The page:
Friday, August 13, 2010

TOP STORY > >School bell rings earlier and later

Leader staff writer

Pulaski County Special School Dis-trict elementary students will now start their school day later than they did last year, while middle school and high school students will start earlier.

According to Tim Clark, president of the PCSSD Board of Education, elementary students will now have a later start time, while middle- and high-school students’ start times will be earlier.

The new schedule will lengthen the school day by 20 minutes in the morning and 20 minutes in the afternoon.

Some students will be getting on a bus as early as 6 a.m. with the new schedule.

When schools open for students on Thursday, classes will start at 8:30 a.m. for elementary students and end around 4 p.m. — making their school day 30 minutes longer.

Older students will start 7:30 a.m. and get out an hour earlier, around 3 p.m. — provided an injunction filed by the teachers union isn’t acted on before school starts.

This is opposite from what the board decided at its meeting last week.

Deb Roush, spokeswoman for the district, said parents were upset with the idea of an early start time for elementary students, and the district listened and reversed the times.

“We have been reviewing our options related to our bell schedules for months, and there was much to consider including bus routes, costs and the fact that we had our youngest students having to get up so early,” said Tim Clark, president of the PCSSD school board.

“One of the biggest changes is that elementary students, who will now start at approximately 8:30 a.m., will be able to be dropped off as early as 7:30 a.m. for breakfast,” he said. “This will accommodate our parents who have to be at work by 8 a.m.”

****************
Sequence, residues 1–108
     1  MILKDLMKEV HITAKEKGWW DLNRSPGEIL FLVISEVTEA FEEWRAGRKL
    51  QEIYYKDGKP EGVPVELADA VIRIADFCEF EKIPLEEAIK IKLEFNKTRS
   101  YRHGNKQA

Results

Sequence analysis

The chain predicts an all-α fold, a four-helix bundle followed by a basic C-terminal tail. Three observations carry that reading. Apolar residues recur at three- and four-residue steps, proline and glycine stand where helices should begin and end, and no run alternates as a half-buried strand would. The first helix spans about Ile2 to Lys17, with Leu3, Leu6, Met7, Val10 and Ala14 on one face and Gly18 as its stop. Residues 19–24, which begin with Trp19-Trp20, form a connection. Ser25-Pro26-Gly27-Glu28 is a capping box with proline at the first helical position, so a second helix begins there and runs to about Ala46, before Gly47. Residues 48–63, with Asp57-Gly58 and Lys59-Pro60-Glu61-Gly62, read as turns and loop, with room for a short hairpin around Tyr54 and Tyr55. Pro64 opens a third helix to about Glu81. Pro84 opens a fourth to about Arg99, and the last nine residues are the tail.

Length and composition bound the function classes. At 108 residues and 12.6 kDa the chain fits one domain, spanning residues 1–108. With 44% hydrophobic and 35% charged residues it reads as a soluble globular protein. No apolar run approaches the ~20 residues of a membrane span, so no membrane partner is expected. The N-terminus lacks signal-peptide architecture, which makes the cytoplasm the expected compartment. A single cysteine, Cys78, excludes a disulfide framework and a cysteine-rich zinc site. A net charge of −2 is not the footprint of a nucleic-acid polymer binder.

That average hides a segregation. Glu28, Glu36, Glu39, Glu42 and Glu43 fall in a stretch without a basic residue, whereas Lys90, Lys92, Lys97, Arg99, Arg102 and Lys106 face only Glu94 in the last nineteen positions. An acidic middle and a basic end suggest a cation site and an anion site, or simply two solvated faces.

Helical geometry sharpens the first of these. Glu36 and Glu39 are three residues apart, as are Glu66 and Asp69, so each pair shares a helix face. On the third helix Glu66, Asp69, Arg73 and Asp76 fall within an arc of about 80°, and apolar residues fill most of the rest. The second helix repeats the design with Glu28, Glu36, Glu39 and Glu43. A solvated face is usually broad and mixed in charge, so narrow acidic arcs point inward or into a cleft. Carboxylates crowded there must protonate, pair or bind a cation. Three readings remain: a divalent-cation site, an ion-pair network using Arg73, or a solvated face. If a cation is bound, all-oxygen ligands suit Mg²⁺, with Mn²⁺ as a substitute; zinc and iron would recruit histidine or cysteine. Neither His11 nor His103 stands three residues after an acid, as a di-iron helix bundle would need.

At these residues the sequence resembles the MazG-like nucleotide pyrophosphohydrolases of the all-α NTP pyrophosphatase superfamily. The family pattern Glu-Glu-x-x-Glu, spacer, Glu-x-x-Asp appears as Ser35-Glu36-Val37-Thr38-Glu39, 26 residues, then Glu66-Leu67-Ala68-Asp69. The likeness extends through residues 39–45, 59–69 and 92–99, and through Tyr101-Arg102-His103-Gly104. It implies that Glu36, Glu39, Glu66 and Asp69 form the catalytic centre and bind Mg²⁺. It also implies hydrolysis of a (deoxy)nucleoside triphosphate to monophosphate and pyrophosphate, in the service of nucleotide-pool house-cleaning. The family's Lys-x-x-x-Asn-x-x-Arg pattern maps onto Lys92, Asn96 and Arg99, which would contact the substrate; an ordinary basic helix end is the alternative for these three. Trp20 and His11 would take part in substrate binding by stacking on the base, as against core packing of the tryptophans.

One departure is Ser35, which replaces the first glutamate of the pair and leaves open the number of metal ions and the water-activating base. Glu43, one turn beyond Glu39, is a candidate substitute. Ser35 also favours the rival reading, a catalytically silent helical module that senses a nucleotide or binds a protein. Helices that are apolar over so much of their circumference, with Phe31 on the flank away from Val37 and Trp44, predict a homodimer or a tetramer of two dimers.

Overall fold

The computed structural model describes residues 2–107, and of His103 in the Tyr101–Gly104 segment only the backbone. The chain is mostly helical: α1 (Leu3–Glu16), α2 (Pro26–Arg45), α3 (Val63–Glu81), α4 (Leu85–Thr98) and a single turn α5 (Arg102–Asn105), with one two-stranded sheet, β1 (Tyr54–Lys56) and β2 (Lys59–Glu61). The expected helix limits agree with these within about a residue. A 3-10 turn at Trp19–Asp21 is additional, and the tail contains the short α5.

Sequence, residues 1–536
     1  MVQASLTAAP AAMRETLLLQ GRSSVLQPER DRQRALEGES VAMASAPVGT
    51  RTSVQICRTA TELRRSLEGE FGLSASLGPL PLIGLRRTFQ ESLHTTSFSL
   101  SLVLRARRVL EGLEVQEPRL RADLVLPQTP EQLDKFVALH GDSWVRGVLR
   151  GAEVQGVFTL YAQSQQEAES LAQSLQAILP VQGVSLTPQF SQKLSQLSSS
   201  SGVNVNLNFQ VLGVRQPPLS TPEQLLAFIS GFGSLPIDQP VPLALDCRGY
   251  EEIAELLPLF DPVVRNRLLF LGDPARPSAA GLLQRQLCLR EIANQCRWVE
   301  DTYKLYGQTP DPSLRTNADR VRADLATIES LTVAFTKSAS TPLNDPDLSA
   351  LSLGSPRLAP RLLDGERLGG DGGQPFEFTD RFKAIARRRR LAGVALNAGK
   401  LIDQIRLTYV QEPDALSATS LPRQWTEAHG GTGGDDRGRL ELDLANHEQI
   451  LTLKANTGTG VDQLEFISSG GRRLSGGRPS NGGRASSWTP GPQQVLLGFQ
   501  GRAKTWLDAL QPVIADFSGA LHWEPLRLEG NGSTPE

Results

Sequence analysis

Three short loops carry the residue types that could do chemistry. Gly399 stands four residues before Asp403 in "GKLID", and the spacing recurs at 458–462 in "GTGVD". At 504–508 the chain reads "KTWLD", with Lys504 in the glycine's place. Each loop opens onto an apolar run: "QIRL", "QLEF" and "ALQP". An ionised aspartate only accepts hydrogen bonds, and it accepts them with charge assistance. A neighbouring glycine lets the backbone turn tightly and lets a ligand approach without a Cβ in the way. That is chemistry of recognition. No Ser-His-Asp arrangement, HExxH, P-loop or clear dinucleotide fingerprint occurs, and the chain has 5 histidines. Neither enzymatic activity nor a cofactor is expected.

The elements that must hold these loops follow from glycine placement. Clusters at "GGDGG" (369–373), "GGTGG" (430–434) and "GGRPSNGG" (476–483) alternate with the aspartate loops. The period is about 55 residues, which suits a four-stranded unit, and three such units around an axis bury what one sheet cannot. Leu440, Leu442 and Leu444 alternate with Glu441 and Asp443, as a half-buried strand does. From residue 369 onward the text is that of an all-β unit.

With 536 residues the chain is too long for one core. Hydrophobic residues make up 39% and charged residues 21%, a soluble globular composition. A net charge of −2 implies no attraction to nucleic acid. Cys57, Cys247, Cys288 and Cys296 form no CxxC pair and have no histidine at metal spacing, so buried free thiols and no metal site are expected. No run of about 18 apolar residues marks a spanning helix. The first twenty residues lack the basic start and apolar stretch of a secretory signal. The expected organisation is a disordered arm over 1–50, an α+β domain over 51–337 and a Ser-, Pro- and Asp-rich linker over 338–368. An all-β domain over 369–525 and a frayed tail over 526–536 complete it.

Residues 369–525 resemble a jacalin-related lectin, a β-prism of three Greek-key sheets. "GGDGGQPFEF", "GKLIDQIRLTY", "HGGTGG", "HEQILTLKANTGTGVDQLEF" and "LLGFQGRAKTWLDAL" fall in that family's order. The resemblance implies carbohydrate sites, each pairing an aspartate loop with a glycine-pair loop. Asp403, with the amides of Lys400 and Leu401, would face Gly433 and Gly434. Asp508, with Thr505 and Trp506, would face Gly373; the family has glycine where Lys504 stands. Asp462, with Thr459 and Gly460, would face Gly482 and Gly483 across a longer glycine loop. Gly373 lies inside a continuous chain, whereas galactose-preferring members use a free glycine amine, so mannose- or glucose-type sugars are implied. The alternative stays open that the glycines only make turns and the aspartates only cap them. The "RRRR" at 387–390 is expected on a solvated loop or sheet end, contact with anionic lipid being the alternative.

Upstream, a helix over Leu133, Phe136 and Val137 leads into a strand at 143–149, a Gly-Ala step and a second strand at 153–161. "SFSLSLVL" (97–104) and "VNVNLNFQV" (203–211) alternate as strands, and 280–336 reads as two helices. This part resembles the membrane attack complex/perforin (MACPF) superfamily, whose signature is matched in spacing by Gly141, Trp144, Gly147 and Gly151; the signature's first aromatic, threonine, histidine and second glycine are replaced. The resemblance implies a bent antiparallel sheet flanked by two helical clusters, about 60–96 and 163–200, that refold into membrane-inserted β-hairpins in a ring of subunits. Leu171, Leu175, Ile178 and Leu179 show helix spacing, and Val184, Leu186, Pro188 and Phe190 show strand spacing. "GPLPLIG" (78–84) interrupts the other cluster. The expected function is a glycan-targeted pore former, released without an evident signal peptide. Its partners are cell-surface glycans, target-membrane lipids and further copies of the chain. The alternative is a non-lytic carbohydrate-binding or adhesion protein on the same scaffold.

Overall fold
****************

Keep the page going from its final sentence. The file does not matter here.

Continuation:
Depending on the particular elementary school, the day will end between 3:50 and 4:05 p.m.

Clark said after-school programs for elementary students will be offered until 4:30 p.m. to allow parents extra time to pick up their students.

Charles Hopson, the district’s superintendent, said the extra time in the morning and afternoon will be used for enrichment and intervention opportunities.

“Yes, there will be a cost associated with putting staff in place to provide supervision and additional educational opportunities.

But if we’re going to put students first, this is what we need to do,” Hopson said.

The district’s middle and high schools will now begin classes at 7:30 a.m., with doors opening at 7 a.m. for breakfast, Hopson said. Depending on the school, the day will end between 2:55 and 3:05 p.m.

“This will help our older students who have to work in the afternoons or have after-school activities,” he added.

The change in the bell schedule will not lengthen the school day for teachers, Marty Nix, president of the Pulaski Association of Classroom Teachers, pointed out.

“This is a parent issue that will affect students and teachers’ ability to teach effectively,” she said.

Hopson said he understands these changes are being made close to the start of school.

“We have been exploring every possibility related to scheduling options. These are complicated, logistical issues that involve many aspects of the district. The bottom line is, at the end of the day, we have done what is in the best interest of our kids.”

Bus schedules will be available early next week on the district’s website,